(d) a circuit breaker having a first switch, the first switch being located in one of the lines of the power cable between the first pair of terminals and the electrical outlet, the first switch having an open position and a closed position,
(e) a relay circuit for selectively moving and maintaining the first switch in either its open position or its closed position,
(f) a reverse wiring circuit for generating an artificial ground fault condition when the power source is connected to the second pair of terminals, and
(g) a ground fault detection circuit for detecting the presence of either a ground fault condition in the power cable between the first and second pairs of terminals or an artificial ground fault condition generated by the reverse wiring circuit, the ground fault detection circuit providing a trip signal upon detecting either the ground fault condition or the artificial ground fault condition, the relay circuit moving and maintaining the first switch in its open position in response to the trip signal.
9. The GFCI as claimed in claim 8 wherein one of the first pair of terminals is located in the hot line and the other of the first pair of terminals is located in the neutral line.
10. The GFCI as claimed in claim 9 wherein one of the second pair of terminals is located in the hot line and the other of the second pair of terminals is located in the neutral line.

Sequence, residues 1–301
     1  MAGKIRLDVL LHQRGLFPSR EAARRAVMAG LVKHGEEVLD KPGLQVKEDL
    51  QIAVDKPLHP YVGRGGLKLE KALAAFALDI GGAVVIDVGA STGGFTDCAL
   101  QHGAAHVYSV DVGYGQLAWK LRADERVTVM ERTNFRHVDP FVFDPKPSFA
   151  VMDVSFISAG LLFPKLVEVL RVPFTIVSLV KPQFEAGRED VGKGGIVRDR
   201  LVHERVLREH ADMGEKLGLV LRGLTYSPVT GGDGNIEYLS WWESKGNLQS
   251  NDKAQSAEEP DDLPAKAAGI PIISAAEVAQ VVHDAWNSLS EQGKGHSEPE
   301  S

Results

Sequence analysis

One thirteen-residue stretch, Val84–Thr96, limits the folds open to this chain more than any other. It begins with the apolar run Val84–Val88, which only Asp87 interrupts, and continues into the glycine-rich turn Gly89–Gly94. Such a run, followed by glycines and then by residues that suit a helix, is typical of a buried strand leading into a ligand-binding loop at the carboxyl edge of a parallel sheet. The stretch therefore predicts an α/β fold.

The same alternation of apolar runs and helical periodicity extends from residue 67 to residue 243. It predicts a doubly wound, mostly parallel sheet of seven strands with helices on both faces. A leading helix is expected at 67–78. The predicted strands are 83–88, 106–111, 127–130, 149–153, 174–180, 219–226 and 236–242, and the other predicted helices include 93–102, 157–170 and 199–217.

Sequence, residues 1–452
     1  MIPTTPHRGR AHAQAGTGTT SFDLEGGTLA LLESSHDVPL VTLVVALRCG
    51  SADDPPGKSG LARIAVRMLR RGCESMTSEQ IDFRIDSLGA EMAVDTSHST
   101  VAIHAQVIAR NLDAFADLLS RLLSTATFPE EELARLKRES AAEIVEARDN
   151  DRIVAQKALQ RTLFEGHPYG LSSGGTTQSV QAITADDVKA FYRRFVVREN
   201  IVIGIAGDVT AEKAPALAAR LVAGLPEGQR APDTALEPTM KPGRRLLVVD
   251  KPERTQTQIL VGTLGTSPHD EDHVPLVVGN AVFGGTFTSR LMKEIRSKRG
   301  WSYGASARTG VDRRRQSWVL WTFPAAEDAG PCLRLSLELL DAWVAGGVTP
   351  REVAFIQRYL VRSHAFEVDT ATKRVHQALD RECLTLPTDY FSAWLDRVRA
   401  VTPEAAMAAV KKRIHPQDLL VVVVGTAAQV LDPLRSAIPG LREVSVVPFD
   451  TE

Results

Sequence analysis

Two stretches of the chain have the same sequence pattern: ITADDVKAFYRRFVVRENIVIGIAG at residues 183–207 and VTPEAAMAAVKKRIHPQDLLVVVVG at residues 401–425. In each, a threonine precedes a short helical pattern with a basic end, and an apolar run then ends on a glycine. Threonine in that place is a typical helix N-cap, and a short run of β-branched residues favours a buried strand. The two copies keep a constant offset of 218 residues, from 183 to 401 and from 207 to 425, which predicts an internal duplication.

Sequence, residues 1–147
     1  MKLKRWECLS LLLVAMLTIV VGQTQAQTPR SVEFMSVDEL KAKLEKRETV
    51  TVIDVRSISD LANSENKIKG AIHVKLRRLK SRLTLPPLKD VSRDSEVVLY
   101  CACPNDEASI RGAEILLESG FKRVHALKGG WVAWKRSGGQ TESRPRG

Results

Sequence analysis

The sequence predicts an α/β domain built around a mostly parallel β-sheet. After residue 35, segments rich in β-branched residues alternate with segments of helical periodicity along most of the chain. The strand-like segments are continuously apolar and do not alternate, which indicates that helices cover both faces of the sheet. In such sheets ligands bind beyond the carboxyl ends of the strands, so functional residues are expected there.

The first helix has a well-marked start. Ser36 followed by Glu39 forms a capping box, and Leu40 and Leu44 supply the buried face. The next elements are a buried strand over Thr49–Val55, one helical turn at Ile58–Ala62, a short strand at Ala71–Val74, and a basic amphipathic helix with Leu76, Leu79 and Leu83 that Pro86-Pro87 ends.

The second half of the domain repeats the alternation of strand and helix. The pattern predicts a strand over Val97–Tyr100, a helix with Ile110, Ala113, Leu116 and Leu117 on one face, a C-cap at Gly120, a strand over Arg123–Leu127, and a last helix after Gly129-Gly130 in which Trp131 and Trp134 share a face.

11. The GFCI as claimed in claim 10 wherein the circuit breaker includes a first pair of switches located in the power cable between the first pair of terminals and the electrical outlet, one switch being located in the hot line and the other switch being located in the neutral line, the first pair of switches being ganged together.
12. The GFCI as claimed in claim 11 wherein the relay circuit includes a solenoid which is ganged to the first pair of switches in the circuit breaker.
13. The GFCI as claimed in claim 8 wherein the ground fault detection circuit comprises a sense transformer which senses any current differential present between the hot and neutral lines.
14. The GFCI as claimed in claim 13 wherein the reverse wiring circuit extends through the sense transformer for the ground fault detection circuit.
15. The GFCI as claimed in claim 14 further comprising a test circuit, the test circuit being connected at one end to the hot line at the first pair of terminals and at the other end to the hot line at the second pair of terminals, the test circuit comprising a normally open test switch.
16. The GFCI as claimed in claim 15 wherein the reverse wiring circuit is connected at one end to the test circuit and is connected at the other end to the power cable at the second pair of terminals.
17. The GFCI as claimed in claim 16 wherein the reverse wiring circuit includes a reverse wiring resistor.
18. The GFCI as claimed in claim 17 wherein the reverse wiring resistor has a value which is the range between 68 ohms and 470 ohms.
19. The GFCI as claimed in claim 17 wherein the reverse wiring circuit additionally includes a fuse connected in series with the reverse wiring resistor.